Neither Pearson or Long represent how I see my Christian faith best understood or most faithfully lived. And, of course, there are many who do support them. This is precisely why we need more pastor-scholars in our churches and theological institutions to help make sense of the religious landscapes in which the aforementioned and other so-called leaders rise and fall. No one deserves to be demonized, yet all are fair game for loving correction in adherence to "the faith." Dallas Willard put it this way, "You can live opposite of what you profess, but you cannot live opposite of what you believe."[7]

I hope that we can learn to "speak the truth in love,"[8] knowing that it isn't an either/or but rather a both/and dynamic of Christianity. Truth without love is as incomplete as love without truth. Both are needed for real health to set up permanent residence. I often wonder what the saints of season's past would say about all of this business:

Religion is the chief concern

   Of mortals here below;

May I its great importance learn,

   Its sovereign virtue know.

Religion should our thoughts engage

   Amidst our youthful bloom;

'Twil fit us for declining age,

   Or for an early tomb.

O, may my heart, by grace renewed,

   Be my Redeemer's throne'

And be my stubborn will subdued,

   His government to own.

Let deep repentance, faith, and love,

   Be joined with godly fear;

And all my conversation prove

   My heart to be sincere.[9]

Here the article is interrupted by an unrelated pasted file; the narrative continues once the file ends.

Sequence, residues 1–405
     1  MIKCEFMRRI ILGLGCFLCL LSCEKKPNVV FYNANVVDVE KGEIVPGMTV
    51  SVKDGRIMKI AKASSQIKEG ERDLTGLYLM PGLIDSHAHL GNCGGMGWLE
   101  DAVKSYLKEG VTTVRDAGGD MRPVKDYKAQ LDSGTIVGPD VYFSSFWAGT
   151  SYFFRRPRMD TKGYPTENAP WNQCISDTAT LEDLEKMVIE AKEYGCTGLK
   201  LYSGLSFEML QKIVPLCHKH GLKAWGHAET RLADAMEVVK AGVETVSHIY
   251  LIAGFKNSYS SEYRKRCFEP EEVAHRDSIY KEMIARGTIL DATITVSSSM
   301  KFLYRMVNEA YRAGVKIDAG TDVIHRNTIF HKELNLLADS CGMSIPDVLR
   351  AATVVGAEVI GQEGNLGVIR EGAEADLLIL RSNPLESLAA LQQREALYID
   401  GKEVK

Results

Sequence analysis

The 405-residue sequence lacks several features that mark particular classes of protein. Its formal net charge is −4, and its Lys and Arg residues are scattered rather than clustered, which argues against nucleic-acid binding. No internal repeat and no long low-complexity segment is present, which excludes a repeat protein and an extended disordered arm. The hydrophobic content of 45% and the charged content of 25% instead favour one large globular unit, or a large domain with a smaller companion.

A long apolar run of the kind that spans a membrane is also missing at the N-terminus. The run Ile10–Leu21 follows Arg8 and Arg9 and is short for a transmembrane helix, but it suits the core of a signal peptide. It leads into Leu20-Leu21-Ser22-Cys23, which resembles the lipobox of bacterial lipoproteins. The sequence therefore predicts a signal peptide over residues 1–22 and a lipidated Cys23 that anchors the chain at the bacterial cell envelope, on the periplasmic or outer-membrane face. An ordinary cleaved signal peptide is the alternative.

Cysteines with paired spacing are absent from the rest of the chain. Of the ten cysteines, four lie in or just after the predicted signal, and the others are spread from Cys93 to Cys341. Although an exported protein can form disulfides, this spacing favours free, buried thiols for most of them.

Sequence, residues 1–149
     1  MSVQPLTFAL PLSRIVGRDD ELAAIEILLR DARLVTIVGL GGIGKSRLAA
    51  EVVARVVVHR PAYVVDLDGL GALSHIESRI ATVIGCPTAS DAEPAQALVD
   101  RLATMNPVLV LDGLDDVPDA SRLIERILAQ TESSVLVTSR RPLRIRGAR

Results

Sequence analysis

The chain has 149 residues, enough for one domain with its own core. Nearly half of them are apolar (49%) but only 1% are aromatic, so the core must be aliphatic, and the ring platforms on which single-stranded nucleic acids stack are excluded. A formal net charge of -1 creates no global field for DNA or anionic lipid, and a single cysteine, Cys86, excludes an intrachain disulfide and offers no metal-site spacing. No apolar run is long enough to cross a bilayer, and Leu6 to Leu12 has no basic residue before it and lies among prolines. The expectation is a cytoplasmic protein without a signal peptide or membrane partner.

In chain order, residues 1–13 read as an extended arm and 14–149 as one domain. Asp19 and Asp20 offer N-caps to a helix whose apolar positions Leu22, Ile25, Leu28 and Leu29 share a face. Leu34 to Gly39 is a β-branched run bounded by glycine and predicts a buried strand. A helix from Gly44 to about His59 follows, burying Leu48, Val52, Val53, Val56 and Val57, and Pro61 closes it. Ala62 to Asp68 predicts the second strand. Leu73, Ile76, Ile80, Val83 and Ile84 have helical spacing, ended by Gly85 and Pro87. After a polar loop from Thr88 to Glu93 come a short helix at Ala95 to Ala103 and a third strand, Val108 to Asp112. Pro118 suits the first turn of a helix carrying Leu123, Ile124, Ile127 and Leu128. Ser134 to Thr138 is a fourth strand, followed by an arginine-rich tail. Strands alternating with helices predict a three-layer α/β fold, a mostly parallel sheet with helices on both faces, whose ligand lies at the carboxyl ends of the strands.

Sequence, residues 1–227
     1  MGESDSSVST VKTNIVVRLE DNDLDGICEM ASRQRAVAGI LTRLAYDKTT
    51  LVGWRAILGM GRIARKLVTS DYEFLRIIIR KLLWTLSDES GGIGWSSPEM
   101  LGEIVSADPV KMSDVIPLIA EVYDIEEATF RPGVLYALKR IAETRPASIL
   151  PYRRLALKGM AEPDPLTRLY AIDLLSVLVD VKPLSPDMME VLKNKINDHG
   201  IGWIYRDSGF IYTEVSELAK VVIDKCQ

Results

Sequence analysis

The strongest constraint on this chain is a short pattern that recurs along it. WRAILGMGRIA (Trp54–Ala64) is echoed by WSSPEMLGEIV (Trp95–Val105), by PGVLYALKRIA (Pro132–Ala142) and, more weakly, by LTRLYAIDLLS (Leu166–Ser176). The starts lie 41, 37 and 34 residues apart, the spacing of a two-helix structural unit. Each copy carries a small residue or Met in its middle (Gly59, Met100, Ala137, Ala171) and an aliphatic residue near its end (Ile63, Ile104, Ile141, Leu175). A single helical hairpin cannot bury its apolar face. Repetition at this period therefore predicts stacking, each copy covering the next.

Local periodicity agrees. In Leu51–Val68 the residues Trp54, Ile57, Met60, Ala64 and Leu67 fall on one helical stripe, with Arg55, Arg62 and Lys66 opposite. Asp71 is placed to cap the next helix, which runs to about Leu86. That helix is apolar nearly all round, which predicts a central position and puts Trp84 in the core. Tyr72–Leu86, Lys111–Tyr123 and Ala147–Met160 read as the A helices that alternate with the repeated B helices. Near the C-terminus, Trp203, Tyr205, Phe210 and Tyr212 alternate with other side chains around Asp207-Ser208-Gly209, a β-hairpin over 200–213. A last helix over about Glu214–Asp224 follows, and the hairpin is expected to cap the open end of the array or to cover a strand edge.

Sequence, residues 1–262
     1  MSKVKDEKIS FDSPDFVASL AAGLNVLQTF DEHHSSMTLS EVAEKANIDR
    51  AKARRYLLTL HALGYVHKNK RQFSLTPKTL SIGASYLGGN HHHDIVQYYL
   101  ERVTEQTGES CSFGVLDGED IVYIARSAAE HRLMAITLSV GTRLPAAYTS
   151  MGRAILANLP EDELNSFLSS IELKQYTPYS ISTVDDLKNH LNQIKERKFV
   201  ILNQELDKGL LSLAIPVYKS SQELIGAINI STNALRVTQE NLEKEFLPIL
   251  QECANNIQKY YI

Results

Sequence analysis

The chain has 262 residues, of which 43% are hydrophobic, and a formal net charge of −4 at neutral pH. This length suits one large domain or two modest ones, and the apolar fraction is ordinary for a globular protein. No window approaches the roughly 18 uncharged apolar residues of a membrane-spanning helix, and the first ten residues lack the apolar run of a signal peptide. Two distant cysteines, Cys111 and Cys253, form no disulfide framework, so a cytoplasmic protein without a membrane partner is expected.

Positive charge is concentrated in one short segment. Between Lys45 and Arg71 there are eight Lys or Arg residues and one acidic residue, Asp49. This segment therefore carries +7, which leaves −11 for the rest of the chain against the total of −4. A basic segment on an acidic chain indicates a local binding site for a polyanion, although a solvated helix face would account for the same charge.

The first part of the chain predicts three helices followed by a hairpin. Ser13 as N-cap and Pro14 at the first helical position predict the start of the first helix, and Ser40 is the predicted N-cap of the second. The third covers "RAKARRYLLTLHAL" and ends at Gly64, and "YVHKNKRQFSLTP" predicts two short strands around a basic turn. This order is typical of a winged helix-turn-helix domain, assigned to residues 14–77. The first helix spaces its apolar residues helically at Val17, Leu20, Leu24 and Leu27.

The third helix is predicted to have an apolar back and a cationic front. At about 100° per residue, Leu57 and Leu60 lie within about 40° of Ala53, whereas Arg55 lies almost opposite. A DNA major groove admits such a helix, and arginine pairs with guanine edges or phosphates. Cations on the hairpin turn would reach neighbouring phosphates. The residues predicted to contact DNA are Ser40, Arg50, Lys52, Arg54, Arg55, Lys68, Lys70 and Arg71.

It is good to know--with my old soul and everything attached to it--that I wasn't born in the wrong time period or any such thing. I am simply a child of God who is blessed to be comfortable in his own skin who strives to passionately raise high the name of Christ, while responsibly trudging through culture's overgrown foliage. In every season of life I have discovered that my values, interests, and experiences are tremendously different than that of my peers. Anyone who affirms a similar sojourn can attest to the resultant isolation that follows at times. It is par for the course, I suppose.

In these tumultuous times I find even more redemptive peace and comfort in my hope being built on nothing less than Jesus' blood and righteousness. I am thankful for God's encouragement that mere circumstances can't diminish. I am thankful to God for showing me, in part through humble leaders, that it is okay to be a "peculiar person"[10] who is willing to decrease in order that Christ might increase in his witness to the world.

We, Christians, are no doubt a kooky bunch, but Christ is the difference, so bear with us as we struggle to be consecrated before our Maker. May mercy, peace, and love be yours in abundance...

[1] See Job: A Man of Heroic Endurance, Esther: A Woman of Strength and Dignity, and Marriage: From Surviving to Thriving: Practical Advice on Making Your Marriage Strong.

[2] Byang H. Kato, "Theological Issues in Africa," Bibliotheca Sacra, 133 (1976): 530.



[5] Carlton Pearson, The Gospel of Inclusion: Reaching Beyond Religious Fundamentalism to the True Love of God and Self (New York: Atria, 2009).


[7] As quoted in Jon Walker, Growing with Purpose: Connecting with God Every Day (Grand Rapids, MI: Zondervan, 2009), 298.

[8] Ephesians 4:15.

[9] The Prayer Meeting Tune Book (Philadelphia, PA: American Sunday School Union, 1859), 64-65.

[10] 1 Peter 2:9.